Contracts in Ruby are part of the new style

(written by lawrence krubner, however indented passages are often quotes). You can contact lawrence at: lawrence@krubner.com

Much more than PHP or Python, the Ruby community is constantly pulling in new ideas from other programming language, and we see the emergence of new Ruby styles:


# The standard “record” that contains information about a file on disk.
SourceFile = Struct.new :relative_path, :full_path,
:directory, :types

# Find a file given a type and path.
#
# @param [Symbol] type The file “type”.
# @param [String] path The file path.
# @param [Boolean] glob If the path contains wildcard or glob.
# @return [Middleman::SourceFile, nil]
Contract Symbol, String, Maybe[Bool] => Maybe[SourceFile]
def find(type, path, glob=false)
watchers
.lazy
.select { |d| d.type == type }
.map { |d| d.find(path, glob) }
.reject(&:nil?)
.first
end

Thomas Reynolds comments on his use of contracts:

The Ruby contracts gem adds the ability to decorate methods with code that checks that the inputs and the output match what the contract specifies. This is a simple, opt-in way of adding some type checks without going down the rabbit hole of Static Typing everything. At some point, contracts may be able to directly read the YARD doc strings (like Google’s Closure and Facebook’s Flow do), but for now we have to duplicate this information:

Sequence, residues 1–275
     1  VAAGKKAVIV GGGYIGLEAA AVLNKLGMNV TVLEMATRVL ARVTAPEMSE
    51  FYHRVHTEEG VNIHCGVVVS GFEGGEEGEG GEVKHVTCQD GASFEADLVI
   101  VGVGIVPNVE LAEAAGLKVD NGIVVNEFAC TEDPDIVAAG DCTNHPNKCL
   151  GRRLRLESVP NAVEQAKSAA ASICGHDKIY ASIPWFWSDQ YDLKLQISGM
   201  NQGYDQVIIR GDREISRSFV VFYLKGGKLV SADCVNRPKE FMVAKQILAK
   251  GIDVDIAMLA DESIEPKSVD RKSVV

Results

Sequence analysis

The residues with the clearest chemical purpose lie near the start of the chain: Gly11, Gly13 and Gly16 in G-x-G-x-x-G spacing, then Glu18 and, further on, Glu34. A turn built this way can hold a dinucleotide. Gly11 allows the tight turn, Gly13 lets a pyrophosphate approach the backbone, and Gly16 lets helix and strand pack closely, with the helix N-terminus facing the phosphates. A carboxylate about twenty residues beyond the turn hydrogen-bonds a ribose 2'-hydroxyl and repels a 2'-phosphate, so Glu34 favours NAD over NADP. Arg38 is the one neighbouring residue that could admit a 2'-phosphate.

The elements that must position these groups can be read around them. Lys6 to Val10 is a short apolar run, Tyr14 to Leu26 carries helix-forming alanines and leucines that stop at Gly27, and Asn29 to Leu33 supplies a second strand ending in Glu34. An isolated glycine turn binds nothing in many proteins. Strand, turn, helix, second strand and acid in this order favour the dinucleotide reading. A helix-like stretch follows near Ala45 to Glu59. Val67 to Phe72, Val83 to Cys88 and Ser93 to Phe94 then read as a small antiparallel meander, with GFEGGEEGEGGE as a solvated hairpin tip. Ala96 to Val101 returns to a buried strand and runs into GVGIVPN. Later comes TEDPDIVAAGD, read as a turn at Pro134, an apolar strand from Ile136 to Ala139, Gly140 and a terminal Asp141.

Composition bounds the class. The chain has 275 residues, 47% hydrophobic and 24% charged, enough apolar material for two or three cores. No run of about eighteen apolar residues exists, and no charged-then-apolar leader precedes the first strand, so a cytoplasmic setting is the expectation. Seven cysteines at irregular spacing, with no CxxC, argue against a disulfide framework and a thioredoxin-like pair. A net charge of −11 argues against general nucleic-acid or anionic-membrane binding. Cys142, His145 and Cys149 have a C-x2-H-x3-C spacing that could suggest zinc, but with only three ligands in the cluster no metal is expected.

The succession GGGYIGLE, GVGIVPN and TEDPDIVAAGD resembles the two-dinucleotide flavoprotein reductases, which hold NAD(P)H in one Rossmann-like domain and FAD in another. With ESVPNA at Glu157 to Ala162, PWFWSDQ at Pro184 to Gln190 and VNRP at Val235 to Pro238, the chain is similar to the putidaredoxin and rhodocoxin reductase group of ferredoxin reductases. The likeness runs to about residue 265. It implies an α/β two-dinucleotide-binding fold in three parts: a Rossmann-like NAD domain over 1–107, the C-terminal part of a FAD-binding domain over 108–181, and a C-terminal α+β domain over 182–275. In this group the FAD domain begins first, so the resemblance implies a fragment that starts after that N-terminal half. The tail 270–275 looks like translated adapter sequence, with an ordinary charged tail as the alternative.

# @param [Symbol] type The file “type”.
# @param [String] path The file path.
# @param [Boolean] glob If the path contains wildcard or glob.
# @return [Middleman::SourceFile, nil]
Contract Symbol, String, Maybe[Bool] => Maybe[SourceFile]
def find(type, path, glob=false)

Basically, I’m saying that the find method takes 3 parameters, the last of which might be nil (also known as Maybe). The return value will either be a Record of the SourceFile type of nil, which is typed as Maybe[Sourcefile].

When I started adding Contracts to the code base, I immediately found dozens of tiny bugs and plenty of places where the docs were out of date with the code. I can’t see myself ever working on another Ruby project without this type safety net in place. Like testing, I believe you should add just enough contracts/test to cover your ass and not worry about things like 100% coverage.

Thomas Reynolds also writes of what he wants to see in the future:

Going forwards, I’d love to see some features from other languages make their way into Ruby. I agree with most everything Erik Michaels-Ober mentions in his talk: Towards a Higher-Level Language. Replace nil with Maybe in the language. Kill Symbol. Fix the standard numbers (this goes for almost every language using IEEE floats).

I also agree with the goals of Rubinius X. I want Immutable Data in Ruby. We NEED a real dependency system. If not as robust as Clojure’s, let’s atleast reach parity with Python. Even Javascript is beating Ruby now :(

I’d like to see optional typing of inputs/outputs.

And finally, pie in the sky, can we solve packaging apps up into distributable binaries, please? Rust and Go are making us look bad.

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